Medically reviewed by Rosanna Sutherby, PharmD on January 31, 2020. Written by Karen Eisenbraun. To give you technically accurate, evidence-based information, content published on the Everlywell blog is reviewed by credentialed professionals with expertise in medical and bioscience fields.
Can you get chlamydia in the throat? The answer to that question is “yes”: although chlamydia—one of the most common sexually transmitted infections (STIs) in the United States—often affects parts of the body like the genitals or rectum, it can also infect one’s throat (known as a pharyngeal chlamydia infection).
Read on for key information about the chlamydia bacterium in the throat—including causes, possible symptoms, and more.
If you think you may have contracted chlamydia from unprotected sex with an infected partner, consider taking our at-home Chlamydia and Gonorrhea Test. Our testing kit is discreet and easy to use, making it a convenient way to check for these STDs from the privacy of home.
The chlamydia bacterium can be transmitted to the throat during oral sex with an infected sex partner, resulting in a pharyngeal infection. The infection can also be passed from the mouth of an infected partner to one's genitals.
Pharyngeal chlamydia isn’t as common as urogenital or rectal infections. One review of existing studies found that pharyngeal chlamydia was equally frequent in women compared to men who have sex with men—occurring in up to 3.2% of women and 3.6% of men who have sex with men, based on study populations at high-risk settings like sexually transmitted disease clinics (which means these figures don’t apply to the general population. Less research has been done around the rate of pharyngeal chlamydia among men who have a female sexual partner.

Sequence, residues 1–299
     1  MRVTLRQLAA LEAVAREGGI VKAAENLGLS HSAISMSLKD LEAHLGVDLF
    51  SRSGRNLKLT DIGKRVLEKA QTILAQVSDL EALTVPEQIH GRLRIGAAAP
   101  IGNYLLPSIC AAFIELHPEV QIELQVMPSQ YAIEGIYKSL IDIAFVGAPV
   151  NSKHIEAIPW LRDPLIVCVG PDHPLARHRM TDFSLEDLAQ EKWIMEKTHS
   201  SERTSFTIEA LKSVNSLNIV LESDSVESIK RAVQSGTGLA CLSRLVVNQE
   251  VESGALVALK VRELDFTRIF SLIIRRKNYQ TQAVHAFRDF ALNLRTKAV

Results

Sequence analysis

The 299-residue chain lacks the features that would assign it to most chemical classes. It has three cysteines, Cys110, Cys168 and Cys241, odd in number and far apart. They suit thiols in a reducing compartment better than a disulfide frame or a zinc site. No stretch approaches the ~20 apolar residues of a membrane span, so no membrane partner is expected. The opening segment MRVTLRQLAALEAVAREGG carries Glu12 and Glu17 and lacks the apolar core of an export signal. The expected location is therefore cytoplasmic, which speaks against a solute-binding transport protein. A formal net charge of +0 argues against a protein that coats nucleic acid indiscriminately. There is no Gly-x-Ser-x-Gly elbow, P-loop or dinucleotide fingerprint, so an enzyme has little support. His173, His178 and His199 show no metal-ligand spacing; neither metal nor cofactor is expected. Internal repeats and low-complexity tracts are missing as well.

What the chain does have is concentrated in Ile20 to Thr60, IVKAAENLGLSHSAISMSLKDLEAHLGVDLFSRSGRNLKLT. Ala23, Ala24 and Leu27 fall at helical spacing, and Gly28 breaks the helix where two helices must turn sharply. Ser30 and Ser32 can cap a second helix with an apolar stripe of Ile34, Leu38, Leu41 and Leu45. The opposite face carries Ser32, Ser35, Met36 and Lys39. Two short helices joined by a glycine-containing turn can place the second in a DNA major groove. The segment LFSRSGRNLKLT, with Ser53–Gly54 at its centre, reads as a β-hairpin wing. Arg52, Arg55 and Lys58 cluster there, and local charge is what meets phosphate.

Many people who contract oral chlamydia (chlamydia in the throat) have no symptoms. Some people may experience only a sore throat and think they have the flu or a cold. Other possible symptoms of a pharyngeal infection with chlamydia bacteria include mouth pain, oral sores (canker sores in the mouth), or pain in the throat when swallowing. In rare cases, chlamydia bumps on the tongue have also been seen. If you are experiencing white spots on the back of the throat, it is highly suggested to get it checked out by a doctor.
Chlamydia in the throat may cause white spots to appear in the back of the throat or tonsils. If you have swollen tonsils and any other symptom that resembles a strep throat infection, it may be wise to still get tested for chlamydia. These white spots may resemble tonsillitis that are caused by a bacterial infection.
Gonorrhea is another bacterial STI that can affect the genitals, rectum, and throat. Caused by the bacteria Neisseria gonorrhoeae, gonorrhea often exists alongside a chlamydia infection (according to some estimates, 70% of people with gonorrhea also have chlamydia).
Like chlamydia, gonorrhea may not cause any symptoms—but in some cases, gonorrhea signs and symptoms may include abnormal genital discharge, pain when urinating, pain during intercourse, fever, or sore throat.
Check for urogenital (not oral) chlamydia and gonorrhea infections from the privacy of home with the Everlywell at-home Chlamydia & Gonorrhea Test.